HAYDN; CPE BACH Cello Concertos (Isserlis)
It’s a comparatively rare event for an artist to be afforded the luxury of recording a major work for a second time. Or indeed for them to want to. So it’s always interesting when this does happen, especially if their first recording holds up well to the test of time. That’s certainly the case in this particular instance, as many readers will still be enjoying the elegant readings of Haydn’s two cello concertos that Steven Isserlis made in 1998 with Sir Roger Norrington and the Chamber Orchestra of Europe.
So you might wonder why Isserlis has revisited these works almost 20 years on. More importantly, have his interpretations changed all that much? After all, there’s so little difference between Rostropovich’s 1964 and 1975 recordings of the First Concerto (which I believe is the only other instance of a cellist re-recording either of the Haydns) that you’re slightly left wondering why he revisited it.
Isserlis doesn’t discuss his reasons in his cheerfully irreverent and hugely informative booklet note, but in truth the moment you press play you’re not really going to care anyway, because this is absolutely wonderful stuff. As for whether the interpretations have changed, the answer is a gloriously two-pronged ‘yes and no’, because these interpretations sing of an artist still thoroughly in tune with his previous thoughts, but who is keen to develop those ideas further. He’s been supported every step of his way in this pursuit by the warmly responsive Deutsche Kammerphilharmonie Bremen, and indeed by the expertly judged subtle glow of the sound engineering.
The tempos are a case in point. Back in 1998 these were a story of breakneck speeds being eschewed, while at the same time giving the distinct impression in the fast movements of heightened drama and momentum. Fast-forward to 2017 and that original approach has generally been cleaved to; but while the differences in duration are negligible, they all involve the addition rather than the subtraction of seconds. The C major’s third movement is a particularly golden example because here, despite the addition of 12 seconds to the previous recording’s still comparatively unhurried 7'04", what you hear is an exciting lift in virtuosity and velocity – proof that the perception of speed and acceleration is about far more than mere metronome markings.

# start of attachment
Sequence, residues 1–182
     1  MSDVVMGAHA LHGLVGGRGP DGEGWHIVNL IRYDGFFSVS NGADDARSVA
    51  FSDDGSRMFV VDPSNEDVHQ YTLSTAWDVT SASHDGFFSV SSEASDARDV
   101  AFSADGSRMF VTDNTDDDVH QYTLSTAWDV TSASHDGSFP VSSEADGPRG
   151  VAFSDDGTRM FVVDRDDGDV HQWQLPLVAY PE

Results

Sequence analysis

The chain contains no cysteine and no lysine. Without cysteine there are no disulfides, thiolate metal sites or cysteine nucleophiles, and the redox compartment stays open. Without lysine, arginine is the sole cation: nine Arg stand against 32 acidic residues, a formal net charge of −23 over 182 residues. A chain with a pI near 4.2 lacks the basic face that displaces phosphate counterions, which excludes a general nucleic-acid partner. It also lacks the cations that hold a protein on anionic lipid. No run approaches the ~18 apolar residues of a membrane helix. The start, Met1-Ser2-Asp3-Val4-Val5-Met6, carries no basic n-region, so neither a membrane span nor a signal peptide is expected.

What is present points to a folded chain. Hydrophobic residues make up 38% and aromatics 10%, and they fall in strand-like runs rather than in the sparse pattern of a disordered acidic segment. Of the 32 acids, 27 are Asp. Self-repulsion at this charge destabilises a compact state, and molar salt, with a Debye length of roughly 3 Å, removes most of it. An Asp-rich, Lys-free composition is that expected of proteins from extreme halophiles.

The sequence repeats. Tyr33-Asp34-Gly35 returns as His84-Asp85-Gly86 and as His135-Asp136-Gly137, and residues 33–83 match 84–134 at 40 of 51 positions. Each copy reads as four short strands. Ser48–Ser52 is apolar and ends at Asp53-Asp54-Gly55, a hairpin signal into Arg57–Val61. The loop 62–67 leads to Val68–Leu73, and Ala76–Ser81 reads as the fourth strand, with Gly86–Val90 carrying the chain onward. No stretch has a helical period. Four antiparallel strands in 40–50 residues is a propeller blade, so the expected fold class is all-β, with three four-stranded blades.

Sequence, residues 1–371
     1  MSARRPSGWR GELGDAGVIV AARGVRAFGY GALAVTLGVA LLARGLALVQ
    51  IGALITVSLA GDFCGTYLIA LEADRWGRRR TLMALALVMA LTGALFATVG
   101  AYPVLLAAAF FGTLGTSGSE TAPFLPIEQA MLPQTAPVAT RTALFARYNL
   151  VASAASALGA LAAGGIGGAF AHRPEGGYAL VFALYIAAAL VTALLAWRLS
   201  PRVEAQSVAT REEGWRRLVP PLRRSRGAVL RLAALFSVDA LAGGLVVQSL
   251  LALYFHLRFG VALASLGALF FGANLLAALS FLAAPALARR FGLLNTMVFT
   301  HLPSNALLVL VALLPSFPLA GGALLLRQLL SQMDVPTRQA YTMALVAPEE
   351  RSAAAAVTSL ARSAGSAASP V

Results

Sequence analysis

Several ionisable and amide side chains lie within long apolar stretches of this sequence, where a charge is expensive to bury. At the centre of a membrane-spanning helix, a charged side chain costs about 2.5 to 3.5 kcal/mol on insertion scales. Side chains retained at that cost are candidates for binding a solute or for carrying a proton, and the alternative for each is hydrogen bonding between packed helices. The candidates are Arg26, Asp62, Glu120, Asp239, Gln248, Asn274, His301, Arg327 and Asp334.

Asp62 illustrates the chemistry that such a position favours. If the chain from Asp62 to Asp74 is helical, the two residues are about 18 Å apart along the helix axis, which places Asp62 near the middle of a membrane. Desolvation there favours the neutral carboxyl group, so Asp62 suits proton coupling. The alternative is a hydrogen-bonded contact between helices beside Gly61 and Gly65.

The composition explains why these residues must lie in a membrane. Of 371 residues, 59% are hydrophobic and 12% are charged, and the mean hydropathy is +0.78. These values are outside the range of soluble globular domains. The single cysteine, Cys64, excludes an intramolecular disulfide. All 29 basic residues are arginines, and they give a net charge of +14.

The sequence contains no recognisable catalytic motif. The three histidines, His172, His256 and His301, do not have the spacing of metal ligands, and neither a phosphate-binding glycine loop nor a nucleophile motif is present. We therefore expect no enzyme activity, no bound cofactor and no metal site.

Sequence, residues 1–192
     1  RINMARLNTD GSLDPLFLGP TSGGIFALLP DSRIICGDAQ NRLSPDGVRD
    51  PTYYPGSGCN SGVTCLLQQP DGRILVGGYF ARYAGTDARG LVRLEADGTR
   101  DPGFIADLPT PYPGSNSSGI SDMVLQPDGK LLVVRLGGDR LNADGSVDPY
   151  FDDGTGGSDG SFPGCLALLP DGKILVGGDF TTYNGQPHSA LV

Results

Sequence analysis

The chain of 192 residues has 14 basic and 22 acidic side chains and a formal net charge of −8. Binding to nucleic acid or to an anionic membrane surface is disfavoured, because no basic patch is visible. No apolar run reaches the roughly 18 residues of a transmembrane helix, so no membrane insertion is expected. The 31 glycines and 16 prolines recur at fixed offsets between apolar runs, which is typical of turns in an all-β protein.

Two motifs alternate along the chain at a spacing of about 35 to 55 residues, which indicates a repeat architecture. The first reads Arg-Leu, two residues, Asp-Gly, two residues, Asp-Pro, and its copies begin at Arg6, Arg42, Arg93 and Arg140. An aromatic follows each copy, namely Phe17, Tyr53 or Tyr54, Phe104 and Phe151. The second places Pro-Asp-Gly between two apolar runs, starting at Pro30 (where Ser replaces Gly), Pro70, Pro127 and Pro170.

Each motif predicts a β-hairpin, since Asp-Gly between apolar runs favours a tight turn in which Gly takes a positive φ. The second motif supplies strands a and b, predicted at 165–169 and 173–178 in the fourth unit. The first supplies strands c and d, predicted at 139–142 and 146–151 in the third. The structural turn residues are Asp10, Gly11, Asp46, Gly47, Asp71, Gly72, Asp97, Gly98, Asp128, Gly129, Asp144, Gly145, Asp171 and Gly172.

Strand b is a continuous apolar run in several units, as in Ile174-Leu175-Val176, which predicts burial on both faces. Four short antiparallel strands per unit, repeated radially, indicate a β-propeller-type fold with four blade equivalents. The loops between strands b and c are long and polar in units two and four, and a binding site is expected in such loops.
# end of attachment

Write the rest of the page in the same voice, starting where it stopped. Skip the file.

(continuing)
The theme continues with the tone, articulation and rhythmic articulation. Isserlis’s former combination of singing legato and short, period-aware attack are still evident, but with their beauty if anything heightened, and some of the faster figures are now further coloured by the odd bit of deliciously impish, rhythmic skittishness.
What has taken a decidedly upwards whoosh is the sheer confidence and unabashed personality on show, and this is typified by the fresh cadenzas Isserlis has written to supplant his earlier ones; although these are every bit as Haydnesque as before, they also take a few more ear-popping risks. Most striking of all is the C major Concerto first movement’s cadenza, which features an out-of-the-blue two-octave swoop from E4 up to the extreme heights of E6. It’s more flamboyant than pretty, but one can’t help but feel it would have drawn a smile from fun-loving Haydn. Furthermore, Isserlis then provides a beautiful complement with the following central movement’s cadenza: a small but perfectly formed creation that glides in seductively by way of double-stopped strokes, and then finishes by gently mirroring that first-movement rocket-spring with a tender single-octave leap.
Isserlis’s celebration of the cello’s top register truly flowers in the D major Concerto, possibly in recognition of the fact that Haydn probably wrote this work for the Esterházy orchestra’s high-register-loving cello virtuoso Antonín Kraft. Isserlis’s first-movement cadenza in particular contains lofty lines of a piercing, ringing sweetness. It’s not all sunny sweetness by any means; one of the recording’s most heart-stopping moments comes in the first movement where, at 8'27", the cloudless beauty is momentarily shattered by a pair of searing-toned, upwards gasps of pain.
For the disc’s additional offerings, Isserlis has looked to contemporaneous works by some of Haydn’s colleagues. Two of these are of the bonbon-proportioned (and tasting) variety: the Adagio from Boccherini’s G major Concerto, and Isserlis’s own idiomatic and delightful solo arrangement of Mozart’s aria ‘Geme la tortorella’ from La finta giardiniera. However, the meatiest and most revelatory highlight of the three is CPE Bach’s Cello Concerto in A major; revelatory because we’ve largely been conditioned to hearing this composer’s music presented as muscular, angular and wild. Yet, while Isserlis does recognise the music’s volatility, his delivery emphasises a Haydnesque refinement and elegance that throw an entirely new perspective on the concerto. In fact the recording is worth your money for the Bach alone.
Of course, the main selling point is the two Haydn concertos, and this album is worth acquiring whether you’re yet to own a recording of these masterpieces or your collection is already bulging with them. Isserlis’s 1998 recording remains classy stuff, but this has superbly trumped it.